Inform students about the Trump administration’s family separation policy and help them emotionally process the human side of this news story.
Get our toolkit to learn how to strengthen your students' civic skills and knowledge. Our guide includes flexible activities and strategies ranging from one class period to a semester-long elective or independent civic action project.
These six activities help students reflect on the past school year, celebrate their school community, and look ahead to what comes next. Especially with coronavirus upheaval, it’s important for students to feel a sense of closure before summer break begins.
Explore ideas around access to voting by learning about India’s general election and the country’s commitment to ensuring that all voters are close to a polling station.
The Iowa caucuses are the first chance voters in the US have to cast a ballot in support of a presidential candidate. Help students understand how the caucuses work, discuss the advantages and disadvantages of voting in person, and explore the question of whether Iowa should be the first state to vote.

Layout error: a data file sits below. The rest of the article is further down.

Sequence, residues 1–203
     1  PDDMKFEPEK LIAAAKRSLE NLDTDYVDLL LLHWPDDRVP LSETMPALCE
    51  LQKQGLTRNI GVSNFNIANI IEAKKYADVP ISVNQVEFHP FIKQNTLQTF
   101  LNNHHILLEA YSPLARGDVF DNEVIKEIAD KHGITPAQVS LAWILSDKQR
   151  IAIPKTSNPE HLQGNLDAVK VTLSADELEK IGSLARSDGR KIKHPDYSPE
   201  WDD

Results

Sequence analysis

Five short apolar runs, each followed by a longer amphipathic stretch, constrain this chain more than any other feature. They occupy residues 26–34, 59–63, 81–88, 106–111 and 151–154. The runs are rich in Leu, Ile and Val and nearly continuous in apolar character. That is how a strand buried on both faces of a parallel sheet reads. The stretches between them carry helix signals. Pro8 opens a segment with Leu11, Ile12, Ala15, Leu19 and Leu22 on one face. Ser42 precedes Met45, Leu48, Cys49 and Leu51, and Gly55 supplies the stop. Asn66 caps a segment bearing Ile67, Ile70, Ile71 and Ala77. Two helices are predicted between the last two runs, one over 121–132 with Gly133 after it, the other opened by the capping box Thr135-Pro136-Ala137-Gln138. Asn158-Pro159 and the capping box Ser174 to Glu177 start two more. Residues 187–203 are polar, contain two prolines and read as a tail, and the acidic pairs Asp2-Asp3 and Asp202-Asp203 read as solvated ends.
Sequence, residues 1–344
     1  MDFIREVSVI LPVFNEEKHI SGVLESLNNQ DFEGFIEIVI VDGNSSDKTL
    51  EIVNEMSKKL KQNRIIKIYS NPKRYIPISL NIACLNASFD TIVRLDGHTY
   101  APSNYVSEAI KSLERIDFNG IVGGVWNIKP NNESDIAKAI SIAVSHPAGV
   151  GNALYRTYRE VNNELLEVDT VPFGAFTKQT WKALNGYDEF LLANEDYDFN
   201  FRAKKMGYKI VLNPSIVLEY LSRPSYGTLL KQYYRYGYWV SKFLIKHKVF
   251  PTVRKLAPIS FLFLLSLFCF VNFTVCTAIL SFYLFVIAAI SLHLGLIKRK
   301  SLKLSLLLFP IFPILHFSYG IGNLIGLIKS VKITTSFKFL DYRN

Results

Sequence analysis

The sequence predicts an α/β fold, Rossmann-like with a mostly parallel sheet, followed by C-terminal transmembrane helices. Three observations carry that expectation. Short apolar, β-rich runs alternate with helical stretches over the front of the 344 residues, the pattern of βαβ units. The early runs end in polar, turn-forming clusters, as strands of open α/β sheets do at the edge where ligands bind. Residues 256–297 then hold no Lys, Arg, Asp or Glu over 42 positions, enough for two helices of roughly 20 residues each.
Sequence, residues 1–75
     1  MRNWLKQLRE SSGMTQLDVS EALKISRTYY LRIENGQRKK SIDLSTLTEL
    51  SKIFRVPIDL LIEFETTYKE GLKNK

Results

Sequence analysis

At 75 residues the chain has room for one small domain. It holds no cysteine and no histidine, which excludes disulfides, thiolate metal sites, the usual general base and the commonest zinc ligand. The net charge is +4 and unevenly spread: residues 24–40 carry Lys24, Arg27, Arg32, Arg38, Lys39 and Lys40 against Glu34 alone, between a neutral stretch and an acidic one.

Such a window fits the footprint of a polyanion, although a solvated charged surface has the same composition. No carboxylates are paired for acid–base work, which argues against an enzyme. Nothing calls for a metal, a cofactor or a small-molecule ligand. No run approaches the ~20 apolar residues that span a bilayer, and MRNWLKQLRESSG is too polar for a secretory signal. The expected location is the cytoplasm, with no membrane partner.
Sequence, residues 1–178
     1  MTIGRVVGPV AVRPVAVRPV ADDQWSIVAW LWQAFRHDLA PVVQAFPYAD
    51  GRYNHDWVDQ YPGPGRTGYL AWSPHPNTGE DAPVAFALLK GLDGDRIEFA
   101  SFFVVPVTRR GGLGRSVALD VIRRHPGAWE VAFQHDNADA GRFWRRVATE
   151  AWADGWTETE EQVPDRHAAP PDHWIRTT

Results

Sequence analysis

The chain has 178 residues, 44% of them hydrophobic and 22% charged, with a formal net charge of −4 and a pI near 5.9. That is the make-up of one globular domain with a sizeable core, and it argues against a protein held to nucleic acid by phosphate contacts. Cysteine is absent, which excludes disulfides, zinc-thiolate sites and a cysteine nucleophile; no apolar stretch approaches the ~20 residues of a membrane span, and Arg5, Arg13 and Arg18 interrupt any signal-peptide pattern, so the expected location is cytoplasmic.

Reading “laterally” is a key media literacy strategy that helps students determine the quality of online sources. This Teaching Idea trains students to use this technique to evaluate the credibility of the news they encounter on social media feeds or elsewhere online.
Learn about the new guide to Teaching Schindler's List, consisting of eight lesson plans, video interviews with a Holocaust survivor, an interactive timeline, and additional teaching resources and professional development to provide tools and context for teaching about the Holocaust.
Use this Teaching Idea to help students learn about Shirley Chisholm’s ground-breaking career and the significance of Vice President Kamala Harris’s election.
This Teaching Idea is a guide for teachers to begin conversations with their students about George Floyd’s death and the events that surround it.